Commentary: When food lists collide: Should we eat kale or not?

Issue Date: April 10, 2019
By Dave Kranz
Dave Kranz
Grocery shoppers, restaurant customers, farmers and ranchers find themselves buffeted by conflicting and contradictory advice about what to eat, what to grow and how to grow it. For example, reports issued by interest groups during the past month both condemned and praised kale.
Photo/Rick Quinn

Does it seem that everyone wants to tell you what to eat—or what not to eat?

Nary a week goes by but some blue-ribbon commission or scientific panel or interest group leans over your shoulder at the dinner table to ask, "Are you really going to eat that? Don't you know that (food X) is laced with pesticides/contributes to global warming/clogs your arteries, etc.?"

Of course, the people behind these reports don't literally come to your dining room. Instead, they typically infiltrate through the media: a news story on TV, a blog posting on the internet, a magazine article noticed by a family member.

To garner media attention, these lists often carry click-bait titles such as "The Dirty Dozen" or "50 Foods for Healthier People and a Healthier Planet." Those aren't hypothetical titles—they're real examples of reports that flashed across the media landscape in recent weeks.

Each of the reports had a political motivation cloaked in dietary guidance and, as can happen, the two reports provided contradictory advice about certain foods. In this case, two foods in particular found themselves condemned in one report and praised in the other: kale and spinach.

An anti-pesticide group issues its Dirty Dozen list each year, comprised of foods it claims to be the most "contaminated" with pesticide residue. It typically bases its findings on data from the U.S. Department of Agriculture Pesticide Data Program.

For its part, the USDA report says "more than 99 percent of the samples tested had pesticide residues well below benchmark levels established by the Environmental Protection Agency." But if you're an anti-pesticide group, and your goal is to frighten people, any detection—no matter how tiny or insignificant—equals "contamination."

And because kale samples contained pesticide residues, the anti-pesticide group plopped it onto its Dirty Dozen list, along with spinach and other produce crops, and highlighted kale in its annual report. The media, of course, bit, with headlines such as "Kale is one of the most contaminated vegetables you can buy" (Time) and "New produce guide shows eating kale is a lot dirtier than you think" (San Diego Union-Tribune).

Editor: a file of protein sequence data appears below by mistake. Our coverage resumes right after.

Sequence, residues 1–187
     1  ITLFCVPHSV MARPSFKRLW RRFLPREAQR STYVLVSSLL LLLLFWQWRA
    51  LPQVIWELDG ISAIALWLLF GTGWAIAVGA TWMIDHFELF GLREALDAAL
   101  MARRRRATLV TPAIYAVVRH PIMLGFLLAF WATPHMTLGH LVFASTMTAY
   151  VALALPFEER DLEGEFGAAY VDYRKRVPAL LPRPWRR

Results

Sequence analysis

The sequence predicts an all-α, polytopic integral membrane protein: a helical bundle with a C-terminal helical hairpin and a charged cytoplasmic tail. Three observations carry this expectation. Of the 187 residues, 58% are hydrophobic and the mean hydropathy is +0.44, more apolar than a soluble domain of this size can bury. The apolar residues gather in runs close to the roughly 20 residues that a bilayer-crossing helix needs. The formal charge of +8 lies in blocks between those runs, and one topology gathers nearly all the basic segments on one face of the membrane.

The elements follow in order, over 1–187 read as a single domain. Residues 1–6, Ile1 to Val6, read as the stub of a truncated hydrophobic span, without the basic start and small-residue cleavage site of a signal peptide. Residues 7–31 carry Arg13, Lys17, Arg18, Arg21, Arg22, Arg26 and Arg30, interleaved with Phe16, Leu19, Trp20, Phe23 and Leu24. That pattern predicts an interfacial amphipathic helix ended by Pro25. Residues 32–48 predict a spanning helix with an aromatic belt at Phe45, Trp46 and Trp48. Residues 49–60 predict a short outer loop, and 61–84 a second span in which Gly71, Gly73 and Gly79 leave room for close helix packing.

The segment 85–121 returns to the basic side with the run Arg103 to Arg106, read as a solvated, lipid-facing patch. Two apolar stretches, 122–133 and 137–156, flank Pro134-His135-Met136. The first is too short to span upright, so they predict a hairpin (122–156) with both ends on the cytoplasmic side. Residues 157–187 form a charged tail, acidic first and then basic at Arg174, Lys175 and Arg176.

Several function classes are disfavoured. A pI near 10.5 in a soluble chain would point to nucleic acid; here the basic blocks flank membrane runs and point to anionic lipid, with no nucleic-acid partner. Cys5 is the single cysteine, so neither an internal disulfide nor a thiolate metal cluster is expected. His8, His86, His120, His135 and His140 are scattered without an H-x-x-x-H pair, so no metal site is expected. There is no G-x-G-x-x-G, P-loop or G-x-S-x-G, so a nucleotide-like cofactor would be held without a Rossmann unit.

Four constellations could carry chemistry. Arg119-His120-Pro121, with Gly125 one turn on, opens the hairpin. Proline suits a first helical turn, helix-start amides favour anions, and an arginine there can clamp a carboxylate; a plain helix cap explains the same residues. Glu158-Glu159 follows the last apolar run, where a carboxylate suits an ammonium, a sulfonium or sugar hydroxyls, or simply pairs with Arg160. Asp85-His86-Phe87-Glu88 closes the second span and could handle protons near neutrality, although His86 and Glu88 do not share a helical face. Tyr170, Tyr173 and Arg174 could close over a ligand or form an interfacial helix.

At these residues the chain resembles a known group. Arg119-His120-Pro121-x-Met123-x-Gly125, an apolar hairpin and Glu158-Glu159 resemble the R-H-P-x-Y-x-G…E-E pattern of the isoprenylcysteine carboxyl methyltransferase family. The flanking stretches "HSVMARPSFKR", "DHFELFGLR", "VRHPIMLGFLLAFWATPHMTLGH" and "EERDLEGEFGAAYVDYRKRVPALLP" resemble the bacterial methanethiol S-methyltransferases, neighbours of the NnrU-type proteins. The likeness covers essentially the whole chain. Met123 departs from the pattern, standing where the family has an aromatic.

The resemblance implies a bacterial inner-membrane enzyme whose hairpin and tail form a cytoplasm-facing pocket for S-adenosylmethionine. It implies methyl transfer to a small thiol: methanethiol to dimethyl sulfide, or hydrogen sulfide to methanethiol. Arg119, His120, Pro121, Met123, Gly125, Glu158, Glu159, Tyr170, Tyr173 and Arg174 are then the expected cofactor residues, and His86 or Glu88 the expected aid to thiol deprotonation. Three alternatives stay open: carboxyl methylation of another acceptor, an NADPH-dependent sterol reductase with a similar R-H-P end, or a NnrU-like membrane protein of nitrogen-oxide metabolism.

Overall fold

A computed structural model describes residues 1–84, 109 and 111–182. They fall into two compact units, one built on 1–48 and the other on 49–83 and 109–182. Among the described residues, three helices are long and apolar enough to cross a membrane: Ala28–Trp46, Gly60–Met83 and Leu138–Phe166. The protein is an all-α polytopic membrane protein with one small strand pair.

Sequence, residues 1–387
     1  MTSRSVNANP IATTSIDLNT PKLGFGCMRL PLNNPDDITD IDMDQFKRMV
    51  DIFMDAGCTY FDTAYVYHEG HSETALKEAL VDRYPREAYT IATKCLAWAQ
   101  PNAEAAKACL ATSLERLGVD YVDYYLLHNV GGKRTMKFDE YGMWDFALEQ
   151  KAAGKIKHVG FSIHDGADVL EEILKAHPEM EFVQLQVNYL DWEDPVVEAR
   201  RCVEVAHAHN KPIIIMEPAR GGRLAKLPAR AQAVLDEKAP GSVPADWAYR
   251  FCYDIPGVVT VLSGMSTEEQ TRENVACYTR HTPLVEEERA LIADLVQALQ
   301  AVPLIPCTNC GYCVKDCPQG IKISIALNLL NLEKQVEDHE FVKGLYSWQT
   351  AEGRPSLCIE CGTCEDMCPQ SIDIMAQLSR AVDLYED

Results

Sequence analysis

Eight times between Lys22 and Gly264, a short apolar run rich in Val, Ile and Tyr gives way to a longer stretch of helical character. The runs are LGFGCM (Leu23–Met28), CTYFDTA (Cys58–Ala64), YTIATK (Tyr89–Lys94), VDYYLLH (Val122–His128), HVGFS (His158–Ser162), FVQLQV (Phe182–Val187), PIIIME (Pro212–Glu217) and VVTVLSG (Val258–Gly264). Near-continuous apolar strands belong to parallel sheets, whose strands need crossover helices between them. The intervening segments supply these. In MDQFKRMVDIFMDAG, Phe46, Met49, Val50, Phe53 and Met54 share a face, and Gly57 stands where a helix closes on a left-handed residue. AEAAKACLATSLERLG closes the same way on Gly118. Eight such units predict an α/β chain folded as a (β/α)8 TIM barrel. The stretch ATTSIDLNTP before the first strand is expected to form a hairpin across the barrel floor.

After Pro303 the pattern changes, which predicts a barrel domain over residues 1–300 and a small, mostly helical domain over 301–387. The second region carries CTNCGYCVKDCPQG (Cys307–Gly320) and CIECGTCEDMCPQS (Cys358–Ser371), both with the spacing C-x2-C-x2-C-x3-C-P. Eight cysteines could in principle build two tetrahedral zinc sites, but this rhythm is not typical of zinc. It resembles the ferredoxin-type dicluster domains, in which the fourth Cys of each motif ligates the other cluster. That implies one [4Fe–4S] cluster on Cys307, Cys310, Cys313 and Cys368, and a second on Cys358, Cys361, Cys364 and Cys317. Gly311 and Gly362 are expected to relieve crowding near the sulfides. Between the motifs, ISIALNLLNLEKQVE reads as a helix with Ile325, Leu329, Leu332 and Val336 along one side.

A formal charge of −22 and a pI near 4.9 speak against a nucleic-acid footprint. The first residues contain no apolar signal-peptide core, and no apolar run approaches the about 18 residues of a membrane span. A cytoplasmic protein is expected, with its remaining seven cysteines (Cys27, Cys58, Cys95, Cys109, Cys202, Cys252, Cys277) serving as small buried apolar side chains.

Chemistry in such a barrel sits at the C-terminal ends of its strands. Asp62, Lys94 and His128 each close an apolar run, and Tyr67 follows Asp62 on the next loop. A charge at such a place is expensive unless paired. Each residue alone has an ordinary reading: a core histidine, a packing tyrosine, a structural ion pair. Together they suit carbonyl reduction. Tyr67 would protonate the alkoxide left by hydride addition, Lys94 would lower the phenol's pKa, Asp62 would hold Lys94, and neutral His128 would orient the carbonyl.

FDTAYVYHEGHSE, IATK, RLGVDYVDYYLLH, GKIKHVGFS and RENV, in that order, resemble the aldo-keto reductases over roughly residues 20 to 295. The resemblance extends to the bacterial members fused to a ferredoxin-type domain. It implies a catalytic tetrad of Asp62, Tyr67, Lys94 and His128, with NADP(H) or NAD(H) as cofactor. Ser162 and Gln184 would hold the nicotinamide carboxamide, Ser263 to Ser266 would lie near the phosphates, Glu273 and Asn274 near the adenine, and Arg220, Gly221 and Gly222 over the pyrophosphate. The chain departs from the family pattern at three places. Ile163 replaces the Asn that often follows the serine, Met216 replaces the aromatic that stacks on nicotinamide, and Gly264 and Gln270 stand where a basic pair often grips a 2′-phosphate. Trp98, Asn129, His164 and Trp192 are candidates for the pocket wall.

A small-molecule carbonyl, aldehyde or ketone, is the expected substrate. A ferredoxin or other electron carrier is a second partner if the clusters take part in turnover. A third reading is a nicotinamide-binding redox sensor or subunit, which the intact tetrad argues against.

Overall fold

The Alliance for Food and Farming, a Watsonville-based organization that works to deliver credible information about produce safety, has had some success through the years in countering the Dirty Dozen report. It estimates a woman could eat 18,615 servings of kale a day and still not have any health effects from the residues detected in the crop.

But the "kale is contaminated" headlines continued to swirl. Shortly thereafter, a wildlife organization and a multinational food company issued their report on the 50 foods they believe people should eat.

"In a world cluttered with advice and pressure around what not to eat, we want to provide people with more food choices to empower positive change," the report said—but of course went on in the next sentence to imply that people should avoid animal-based foods while working to broaden their diets.

The report says reliance on animal-based protein requires more water and land, and generates more greenhouse gases, than plant production. There's been a lot of talk in the media about livestock and climate change—and researchers such as Frank Mitloehner at UC Davis have provided important perspective by showing that foregoing meat isn't the environmental solution some believe and could ultimately have harmful nutritional consequences.

But, back to kale and spinach. They turn out to be two of the 50 crops the report from the wildlife group and the food company says people should eat. The report describes kale as a hardy plant with "lushly dark leaves," "packed with vitamins" and a good source of manganese and copper. For its part, spinach earns praise for its "many important nutrients" and its suitability for year-round cultivation.

Other crops listed in this "should eat" report include California-grown staples such as walnuts and dry beans, and crops being grown here on a smaller scale such as nopales, wild rice and moringa. No doubt, a number of the other crops are also being tried by creative California farmers, seeking to find and develop new markets.

That's what farmers do. They seek to grow what people want to eat. In California, farmers have the ability unlike anywhere else to provide the full variety of crops and commodities that our state's rich range of climates, soils and knowledge can produce.

Like shoppers and restaurant patrons, farmers and ranchers can be buffeted by conflicting and contradictory advice about what to grow and how to grow it. But California agriculture succeeds by adapting.

In 2007, California farmers grew 2,755 acres of kale. By 2017, acreage had more than doubled, to 7,677. Whether either the Dirty Dozen report or the "50 foods" report directly influences acreage trends in the next year or two seems unlikely. But if people want to eat it, California farmers and ranchers will try to grow it, and do so in the most responsible way.

(Dave Kranz manages the California Farm Bureau Federation Communications/News Division and edits Ag Alert. He may be reached at

Permission for use is granted, however, credit must be made to the California Farm Bureau Federation when reprinting this item.

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